Bots and their cousins—botnets, bot armies, sockpuppets, fake accounts, sybils, automated trolls, influence networks—are a dominant new force in public discourse.You may have heard that bots can be used to threaten activists, swing elections, and even engage in conversation with the President. Bots are the hip new media; Silicon Valley has marketed the chatbot as the next technological step after the app. Donald Trump himself has said he wouldn't have won last November without Twitter, where, researchers found, bots massively amplified his support on the platform.Scholars have argued that nearly 50 million accounts on Twitter are actually automatically run by bot software. On Facebook, social bots—accounts run by automated software that mimic real users or work to communicate particular information streams—can be used to automate group pages and spread political advertisements. Recent public revelations from Facebook reveal that a Russian "troll farm" with close ties to the Kremlin spent around $100,000 on ads ahead of the 2016 US election and produced thousands of organic posts that spread across Facebook and Instagram. The same firm, the Internet Research Agency, has been known to make widespread use of bots in its attempts to manipulate public opinion over social media.Despite the fervor over the political usage of bots during several recent global elections, such as last year's US elections, the term "bot," like "fake news," remains ambiguous. It's now sometimes used to refer to any social media persona producing content with which others do not agree.
What's a Bot and What's It Do?
- Sockpuppets (part-human/part-bot or, simply, cyborgs) initiate the conversation, seeding new ideas and driving discussion in online communities.
- The ideas are then amplified by as many as tens of thousands of automated accounts that we call "amplifier bots," repurposing, retweeting, and republishing the same language.
- "Approval bots" engage with specific tweets or comments, "Liking," "retweeting," or "replying" to enhance credibility, and give legitimacy to an idea.
- In hotly contested topic areas, bots are often used to harass and attack individuals and organizations in an attempt to push them out of the conversation.
Data for Democracy researchers Kris Shaffer, Ben Starling, and C.E. Carey noted this phenomenon after French president Emmanuel Macron's campaign emails were hacked just days before the French elections. A group of users organized in the "/pol" channel in the anonymous internet community 4chan. Shaffer, Starling, and Carey tracked how these catalyst users designed a campaign intended to disseminate the hacked Macron campaign data to a more mainstream audience on Twitter.Once the content had been posted to Twitter, it was quickly amplified by high-follower accounts like @DisobedientMedia and @JackPosobiec, who, with over 230,000 followers, function as what the researchers call "signal boosters." Ben Nimmo, information defense fellow at the Atlantic Council (and a co-author on this article), has outlined the same roles broadly as shepherds and obedient sheepdogs.However they are labeled, these roles are consistent from campaign to campaign: someone crafts a message and strategy, and automated accounts and fake personae are used to make it trend. Once trending, a meme easily attracts attention from more social media users until it spreads organically into the mainstream and the media. Recent research shows that bots can also be built to target particular human users who might be more likely to engage with and share a given piece of propaganda. The authors argue that automated agents can be used to target users with particular private views or network positions in order to spread, or curtail, fake news.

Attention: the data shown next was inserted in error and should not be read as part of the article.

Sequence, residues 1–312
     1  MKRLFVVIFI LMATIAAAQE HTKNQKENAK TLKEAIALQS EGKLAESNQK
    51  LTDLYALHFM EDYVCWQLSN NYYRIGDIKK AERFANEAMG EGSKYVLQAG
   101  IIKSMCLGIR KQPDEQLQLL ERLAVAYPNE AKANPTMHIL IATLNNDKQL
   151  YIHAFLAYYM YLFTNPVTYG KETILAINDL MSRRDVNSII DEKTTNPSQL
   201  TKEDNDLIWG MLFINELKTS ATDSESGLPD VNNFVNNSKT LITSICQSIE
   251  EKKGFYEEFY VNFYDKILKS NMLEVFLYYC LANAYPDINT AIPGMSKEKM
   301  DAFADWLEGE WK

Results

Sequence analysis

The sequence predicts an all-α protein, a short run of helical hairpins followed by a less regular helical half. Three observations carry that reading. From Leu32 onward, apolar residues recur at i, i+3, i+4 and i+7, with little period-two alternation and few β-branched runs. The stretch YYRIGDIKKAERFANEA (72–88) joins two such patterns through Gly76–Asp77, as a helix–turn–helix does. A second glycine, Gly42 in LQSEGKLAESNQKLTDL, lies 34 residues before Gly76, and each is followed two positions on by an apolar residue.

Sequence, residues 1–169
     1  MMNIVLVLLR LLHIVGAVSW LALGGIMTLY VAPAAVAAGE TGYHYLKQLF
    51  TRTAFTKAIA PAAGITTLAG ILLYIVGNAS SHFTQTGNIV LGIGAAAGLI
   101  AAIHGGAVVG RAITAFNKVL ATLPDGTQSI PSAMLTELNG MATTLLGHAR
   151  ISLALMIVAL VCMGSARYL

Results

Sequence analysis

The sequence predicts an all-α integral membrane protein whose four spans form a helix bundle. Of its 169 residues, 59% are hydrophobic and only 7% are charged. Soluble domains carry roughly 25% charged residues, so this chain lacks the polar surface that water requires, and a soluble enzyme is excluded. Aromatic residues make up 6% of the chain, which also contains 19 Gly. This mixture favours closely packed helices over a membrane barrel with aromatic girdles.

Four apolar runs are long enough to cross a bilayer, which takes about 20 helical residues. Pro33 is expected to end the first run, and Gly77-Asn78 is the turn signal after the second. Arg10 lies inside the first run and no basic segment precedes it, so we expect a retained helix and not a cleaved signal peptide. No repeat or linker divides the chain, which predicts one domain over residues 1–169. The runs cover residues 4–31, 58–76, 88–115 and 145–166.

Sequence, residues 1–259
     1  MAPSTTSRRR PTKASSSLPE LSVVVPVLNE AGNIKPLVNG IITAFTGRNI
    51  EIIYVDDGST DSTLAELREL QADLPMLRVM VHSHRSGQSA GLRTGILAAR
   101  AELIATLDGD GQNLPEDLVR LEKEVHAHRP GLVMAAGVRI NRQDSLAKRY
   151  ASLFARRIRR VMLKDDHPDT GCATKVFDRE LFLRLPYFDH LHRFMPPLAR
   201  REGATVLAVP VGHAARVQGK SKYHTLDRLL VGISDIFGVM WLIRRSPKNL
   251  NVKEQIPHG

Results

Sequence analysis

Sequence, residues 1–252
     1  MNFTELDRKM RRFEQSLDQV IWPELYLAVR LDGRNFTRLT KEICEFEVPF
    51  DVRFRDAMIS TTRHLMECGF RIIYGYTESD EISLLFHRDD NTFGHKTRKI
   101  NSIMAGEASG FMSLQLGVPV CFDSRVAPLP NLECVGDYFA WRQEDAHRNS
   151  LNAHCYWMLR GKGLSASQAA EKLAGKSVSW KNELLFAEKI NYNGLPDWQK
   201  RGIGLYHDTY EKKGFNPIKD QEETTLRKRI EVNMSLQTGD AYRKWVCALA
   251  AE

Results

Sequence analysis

The Future of Bots
But the same technology that allows machines to understand and communicate in human language can and will be used to make social media bots even more believable. Instead of short, simple messages blasted out to whoever will listen, these bots will carry on coherent conversations with other users, with infinite patience to debate, and persuade. They can also be programmed to collect, store, and use information gleaned from these conversations in later communication.Text communication is just the beginning. University of Washington researchers recently created an eerily believable fake video of Barack Obama giving a speech, proving that it is possible to generate audio and video that passes as human. Similarly, it is increasingly possible to create audio and video of entirely fake events. The technology that allows bots to engage in credible dialogue will eventually be married with the ability to produce audio and video. Humans already have trouble recognizing relatively naive text bots masquerading as real users; these advances in machine learning will give propagandists even more power to manipulate the public. Reality, at least in the digital space, will increasingly be up for grabs. This uncertainty is, in and of itself, a victory for the propagandist. Civil society, however, can and must work to generate sensible responses to this problem.
Reality, at least in the digital space, will increasingly be up for grabs.
How to Respond to the (Ro)bots
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- Label bots as automated accounts. This is technically achievable and would increase transparency in online political conversation.
- Share data for network analysis with researchers. This would enlighten not only the operators of bots and how they are connected, but also the dynamics of how bot messages spread throughout a social network.
- Enforce algorithmic "shadow bans," in which accounts are not removed from the platform but their activity is hidden from other users. Such bans could silently minimize the reach of suspected accounts, though they will not address the core issue of authenticity.